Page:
Murielle was devastated, particularly because some of her neighbors viewed infertility as a sign that God was punishing her. She became afraid to leave the house.

It was during this time that she heard about a local Compassion project, and she rushed there to register. Murielle was taken to hospital by its staff, and it was there that tests revealed that fibromas in her womb, combined with malnutrition, were causing the pregnancy losses.

Murielle began a program of treatment, and within four months, the fibromas had gone. The Compassion project also provided her with healthy food so that she could become stronger.

A few months later, Murielle was overjoyed to find she was pregnant for a third time, and this time, her baby survived.

She named him Wood Kelly, and he’s now three –  and she went on to have another boy 20 months later, a boy called Wood Dally.

She says that her children have given her “peace and abundant joy.”

Becoming a mum in Honduras: The story of Marilu and Carlitos 

survived pregnancy

Marilu lives with her partner on the embankment of a river in Honduras. The family have no access to drinking water or drainage, and very little money for their health needs.

Marilu registered for a Compassion Survival Programme when she was pregnant with her third child, a little boy she decided to call Carlitos.

All seemed to go well during her pregnancy, but she was shocked to discover soon after he was born that he had a serious, life-threatening condition. Carlitos had been born with a birth defect called an Imperforate Anus, and doctors said he needed an operation to survive.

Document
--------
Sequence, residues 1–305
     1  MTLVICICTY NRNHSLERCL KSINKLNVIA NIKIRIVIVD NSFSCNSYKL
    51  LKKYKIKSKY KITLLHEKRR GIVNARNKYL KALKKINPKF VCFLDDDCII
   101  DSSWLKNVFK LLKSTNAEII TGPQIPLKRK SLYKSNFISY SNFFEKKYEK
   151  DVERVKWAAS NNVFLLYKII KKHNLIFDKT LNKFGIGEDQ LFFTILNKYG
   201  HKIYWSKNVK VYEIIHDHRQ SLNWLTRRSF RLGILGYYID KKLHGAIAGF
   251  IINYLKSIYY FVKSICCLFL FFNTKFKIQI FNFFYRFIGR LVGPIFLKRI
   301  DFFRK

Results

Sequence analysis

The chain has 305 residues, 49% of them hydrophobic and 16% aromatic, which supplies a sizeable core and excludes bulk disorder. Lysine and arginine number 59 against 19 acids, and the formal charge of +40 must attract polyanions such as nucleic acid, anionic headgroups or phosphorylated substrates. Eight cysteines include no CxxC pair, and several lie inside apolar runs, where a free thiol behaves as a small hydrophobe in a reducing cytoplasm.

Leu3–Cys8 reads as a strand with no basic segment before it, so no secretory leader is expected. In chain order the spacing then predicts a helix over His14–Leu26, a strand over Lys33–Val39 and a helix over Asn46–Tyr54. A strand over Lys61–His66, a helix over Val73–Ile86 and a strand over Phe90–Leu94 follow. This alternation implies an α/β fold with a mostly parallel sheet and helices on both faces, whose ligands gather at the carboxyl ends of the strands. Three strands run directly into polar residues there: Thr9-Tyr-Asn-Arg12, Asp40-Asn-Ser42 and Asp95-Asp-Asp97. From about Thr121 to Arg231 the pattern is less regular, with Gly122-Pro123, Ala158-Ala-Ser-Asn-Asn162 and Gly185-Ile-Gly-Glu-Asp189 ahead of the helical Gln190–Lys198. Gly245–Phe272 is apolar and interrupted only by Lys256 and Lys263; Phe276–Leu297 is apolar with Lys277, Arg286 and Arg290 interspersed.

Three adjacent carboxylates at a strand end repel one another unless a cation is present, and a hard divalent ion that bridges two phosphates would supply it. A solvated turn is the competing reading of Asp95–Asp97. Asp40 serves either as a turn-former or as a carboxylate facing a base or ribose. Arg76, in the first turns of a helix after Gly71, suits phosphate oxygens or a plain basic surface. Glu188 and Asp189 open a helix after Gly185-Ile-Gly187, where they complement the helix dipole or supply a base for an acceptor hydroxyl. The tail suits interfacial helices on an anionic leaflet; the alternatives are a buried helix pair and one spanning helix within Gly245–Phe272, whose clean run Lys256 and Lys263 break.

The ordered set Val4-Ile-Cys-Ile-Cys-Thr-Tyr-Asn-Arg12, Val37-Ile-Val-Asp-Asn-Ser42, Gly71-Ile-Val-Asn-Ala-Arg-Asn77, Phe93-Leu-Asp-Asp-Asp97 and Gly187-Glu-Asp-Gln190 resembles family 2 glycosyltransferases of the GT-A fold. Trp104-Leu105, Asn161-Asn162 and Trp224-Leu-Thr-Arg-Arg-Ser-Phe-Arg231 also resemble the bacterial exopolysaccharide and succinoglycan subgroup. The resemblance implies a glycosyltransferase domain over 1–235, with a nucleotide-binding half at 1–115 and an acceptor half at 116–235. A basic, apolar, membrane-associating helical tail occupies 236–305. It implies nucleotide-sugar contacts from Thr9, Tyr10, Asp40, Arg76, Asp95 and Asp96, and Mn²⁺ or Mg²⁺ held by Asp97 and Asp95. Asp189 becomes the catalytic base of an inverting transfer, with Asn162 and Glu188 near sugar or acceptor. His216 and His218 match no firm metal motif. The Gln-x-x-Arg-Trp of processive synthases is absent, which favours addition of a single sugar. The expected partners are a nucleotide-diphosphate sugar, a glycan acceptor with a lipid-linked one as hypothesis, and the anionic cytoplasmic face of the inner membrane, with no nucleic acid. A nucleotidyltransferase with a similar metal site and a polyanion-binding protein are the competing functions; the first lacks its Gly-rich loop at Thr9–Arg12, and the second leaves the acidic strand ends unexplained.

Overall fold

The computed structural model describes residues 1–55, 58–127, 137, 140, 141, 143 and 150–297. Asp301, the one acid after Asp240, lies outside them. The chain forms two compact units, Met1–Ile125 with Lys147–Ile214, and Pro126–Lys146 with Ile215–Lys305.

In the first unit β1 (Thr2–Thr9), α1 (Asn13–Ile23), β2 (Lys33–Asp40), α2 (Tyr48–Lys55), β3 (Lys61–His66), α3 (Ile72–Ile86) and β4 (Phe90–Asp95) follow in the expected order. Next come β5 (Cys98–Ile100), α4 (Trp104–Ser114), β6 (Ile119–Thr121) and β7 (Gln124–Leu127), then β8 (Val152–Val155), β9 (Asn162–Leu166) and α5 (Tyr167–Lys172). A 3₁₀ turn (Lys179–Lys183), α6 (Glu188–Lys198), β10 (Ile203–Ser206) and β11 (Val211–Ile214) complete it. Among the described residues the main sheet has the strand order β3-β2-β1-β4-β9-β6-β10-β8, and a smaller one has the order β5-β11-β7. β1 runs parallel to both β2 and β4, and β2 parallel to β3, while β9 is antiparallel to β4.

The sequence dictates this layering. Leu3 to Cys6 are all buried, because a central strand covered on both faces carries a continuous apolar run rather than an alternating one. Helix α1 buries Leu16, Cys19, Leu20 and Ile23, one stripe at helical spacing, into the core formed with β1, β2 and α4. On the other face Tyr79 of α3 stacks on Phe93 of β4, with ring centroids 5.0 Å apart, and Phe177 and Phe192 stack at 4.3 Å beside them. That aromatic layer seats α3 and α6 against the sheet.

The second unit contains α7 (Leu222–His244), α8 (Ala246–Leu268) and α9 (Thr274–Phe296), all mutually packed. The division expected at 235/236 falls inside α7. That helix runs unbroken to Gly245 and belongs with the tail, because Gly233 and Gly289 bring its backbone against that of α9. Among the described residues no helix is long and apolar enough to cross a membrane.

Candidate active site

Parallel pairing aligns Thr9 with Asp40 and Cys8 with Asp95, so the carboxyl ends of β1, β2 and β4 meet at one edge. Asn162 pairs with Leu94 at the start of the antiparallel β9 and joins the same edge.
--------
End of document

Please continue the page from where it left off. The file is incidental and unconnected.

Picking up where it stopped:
“I was shocked and found myself helpless when the doctors gave me the sad news. I couldn’t afford a surgery and felt like my son wasn’t going to make it” she says.

Those are powerful stories in their own right, but these numbers also shout loud the importance of this work:

As of December 31st, 2017, there have been:

  • 16,067 babies currently receiving help through a Compassion Child Survival intervention worldwide
  • 15,945 mothers currently receiving help through a Child Survival intervention
  • 1,229 Child Survival projects around the world
  • 2,128 births at Compassion Projects in the 3 months to the end of December – 91.7% of which  – 1,952 – were of a normal birth weight.

This Mother’s Day, let’s give thanks to incredible organisations like Compassion who have stepped forward to offer assistance with child birth and pre- and post-natal checks up with a qualified midwife and immunizations giving them a more positive birth and early life experience – the best Mother’s Day present an expectant mother could ever wish for and one she will be forever thankful for with each year that passes.

Did you know that so many woman worldwide were still struggling throughout pregnancy and birth in this way? Have you ever heard about Compassion or the work they do? Do leave a comment and share.